25 Little Sex Mistakes You Might Not Realize You’re Making
You don't need champagne or satin sheets in order to have a great sex life, but you do need to watch out for these common sex mistakes.
The most common sex mistakes
Having sex with someone new is always a learning experience, but even lovers who’ve been together a while continue to learn and explore what makes great sex. According to the Centers for Disease Control and Prevention (CDC), the average person will have between four and six sexual partners in their lifetime—that’s a lot of opportunity to figure out what feels goods, and what doesn’t, but no matter how much experience you have, many people are guilty of unknowingly making these little sex mistakes. Here’s what experts recommend instead.
Thinking you need to do it like they do on TV
Like pretty much everything in the movies, movie sex is a concoction of fantasy and special effects only loosely tied to reality, yet many people feel that they must be able to have sex “like in the movies,” says Alex Chinks, PsyD, licensed clinical psychologist and clinical sexologist. If you can’t, say, maintain an erection for an hour or achieve a vaginal orgasm it may wreak havoc on your self-esteem and actually make sex harder, she says. “Keep expectations realistic and be open to changing the ‘script,'” Dr. Chinks says. “It’s important to realize that great sex is usually achieved through the simplest acts, and a meaningful connection to one’s partner.”
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Being too embarrassed to talk about sex
File this under funny but true: People are often more comfortable having sex than talking about it, Chinks says. “So many couples are plagued by shame over their sexual preferences and needs, and not feeling as though they can ‘speak up’ to their partners,” she says. “Without good communication, couples often find themselves having sex that feels scripted or repetitive and unsatisfying.” Some couples also may find themselves not having sex at all. And that would be bad. Because in addition to building intimacy, sex confers a lot of health benefits and even increases longevity.
Feeling like you have to take your socks off
Contrary to that image in your mind, socks may actually be the sexiest article of clothing, as wearing them may increase your chance of having an orgasm. No one is sure exactly why this works but one theory is that in order to orgasm, you need to be totally relaxed and anxiety-free, and cold feet can interfere with the ability to really get into sex, especially for women, says Fran Walfish, PhD, a psychotherapist and author. “Though we usually recommend knocking her socks off, leave them on this time,” she adds.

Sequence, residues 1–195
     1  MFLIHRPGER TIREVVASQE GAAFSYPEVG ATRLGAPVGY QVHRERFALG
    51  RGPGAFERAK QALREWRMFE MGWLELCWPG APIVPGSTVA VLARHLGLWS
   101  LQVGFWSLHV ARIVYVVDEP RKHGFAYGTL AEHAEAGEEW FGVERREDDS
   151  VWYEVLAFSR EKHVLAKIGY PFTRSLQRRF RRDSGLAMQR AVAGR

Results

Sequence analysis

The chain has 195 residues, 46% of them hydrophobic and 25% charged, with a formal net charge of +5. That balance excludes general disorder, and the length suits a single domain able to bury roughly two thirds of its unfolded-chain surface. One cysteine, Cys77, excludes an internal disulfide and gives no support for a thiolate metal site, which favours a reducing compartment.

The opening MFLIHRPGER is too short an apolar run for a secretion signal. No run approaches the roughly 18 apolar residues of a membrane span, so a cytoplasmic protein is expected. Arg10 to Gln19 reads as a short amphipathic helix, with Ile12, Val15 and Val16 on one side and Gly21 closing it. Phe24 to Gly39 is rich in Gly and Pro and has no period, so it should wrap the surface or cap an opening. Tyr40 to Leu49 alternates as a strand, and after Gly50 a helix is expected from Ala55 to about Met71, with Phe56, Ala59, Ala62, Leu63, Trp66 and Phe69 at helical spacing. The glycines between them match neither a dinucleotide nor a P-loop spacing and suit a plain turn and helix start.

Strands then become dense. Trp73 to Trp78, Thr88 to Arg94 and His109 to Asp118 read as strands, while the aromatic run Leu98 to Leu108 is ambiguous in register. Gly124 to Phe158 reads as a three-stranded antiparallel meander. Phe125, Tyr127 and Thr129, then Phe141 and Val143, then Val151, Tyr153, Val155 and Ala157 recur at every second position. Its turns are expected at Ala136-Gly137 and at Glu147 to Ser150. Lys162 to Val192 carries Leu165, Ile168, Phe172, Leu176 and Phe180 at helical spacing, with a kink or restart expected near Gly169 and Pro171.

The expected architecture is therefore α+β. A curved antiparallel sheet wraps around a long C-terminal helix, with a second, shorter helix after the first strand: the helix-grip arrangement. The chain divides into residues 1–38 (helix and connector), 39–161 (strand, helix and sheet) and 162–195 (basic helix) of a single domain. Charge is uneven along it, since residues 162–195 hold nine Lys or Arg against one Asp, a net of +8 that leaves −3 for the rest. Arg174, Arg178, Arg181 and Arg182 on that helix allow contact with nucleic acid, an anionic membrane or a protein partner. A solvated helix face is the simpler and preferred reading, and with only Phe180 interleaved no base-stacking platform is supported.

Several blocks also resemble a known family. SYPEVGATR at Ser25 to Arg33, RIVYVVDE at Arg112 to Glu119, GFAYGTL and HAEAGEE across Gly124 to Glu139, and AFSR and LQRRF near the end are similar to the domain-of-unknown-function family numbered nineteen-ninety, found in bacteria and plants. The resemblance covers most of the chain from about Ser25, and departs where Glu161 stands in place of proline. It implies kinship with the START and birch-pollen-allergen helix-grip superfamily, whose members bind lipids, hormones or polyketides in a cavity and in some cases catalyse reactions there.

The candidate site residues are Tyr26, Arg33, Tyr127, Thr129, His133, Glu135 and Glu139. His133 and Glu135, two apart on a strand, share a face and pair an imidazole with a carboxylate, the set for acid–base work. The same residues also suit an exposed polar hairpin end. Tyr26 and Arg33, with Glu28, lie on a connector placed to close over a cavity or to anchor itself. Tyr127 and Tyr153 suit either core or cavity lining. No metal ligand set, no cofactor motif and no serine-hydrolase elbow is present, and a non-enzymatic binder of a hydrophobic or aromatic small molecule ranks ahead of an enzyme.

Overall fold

Thinking your partner’s orgasm is a sign of your sexual prowess
“People get offended or become shaming if their partner doesn’t orgasm or is not equally aroused,” says Alexandra Katehakis, PhD, clinical director at the Center For Healthy Sex in Los Angeles. But there’s no more of a turn-off than being interrogated by an angry or offended partner, making orgasm even less likely in the future. So rather than take offense, be curious, be kind, and most of all, be patient to see if you can discover the path to stimulation and orgasm together, she adds.
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Thinking it’s your way or no way on the sex highway
People like to have sex the way they like to have sex. This shouldn’t surprise anyone, and yet too many people assume their partners will automatically enjoy sex the same way they do, Katehakis says. So instead of pulling out the French maid costume right away, take time before you’re in the bedroom to have a safe, compassionate conversation. Even if you’ve been together for years, your partner’s preferences may surprise you.
Not laughing when someone farts
Gas happens. So does falling off the bed, losing a contact lens and burping—even during sexy times. So don’t take yourself too seriously. “While sex should be passionate, it should also be fun, so don’t be afraid to smile and even laugh during sex, especially at the occasional mishap,” says Jonathan Bennett, a certified counselor, author, and relationship coach at The Popular Man. “This doesn’t mean making fun of your partner (or yourself). Rather, you’re so comfortable with each other, you’re both able to experience a whole range of emotions during sex.”
The “no orgasm = failure” mindset
Sometimes orgasm shouldn’t be the end goal, says Melody Li, a licensed marriage and family therapist associate, and relationship specialist. “Sexual pleasure is experienced through the process of teasing, creating desire, experimenting with different types of touch, playing, and fantasizing, and so much more,” she explains. “Focusing solely on reaching orgasm can even lead to ‘performance anxiety’ and emotional disconnection. Instead, let go of making orgasm the goal and stay present with pleasurable sensations and your partner’s responses.”
Assuming your partner can read your mind
Do you believe that if your partner really loved you, he or she would know how to please you in bed? Think again, Li says. “This is especially relevant for women because American culture has long shamed women who take charge of their sexual pleasure,” she says. “I encourage partners to take the guesswork out of sex and speak up, verbally, or through touch. It’s perfectly OK to ask for what you desire!”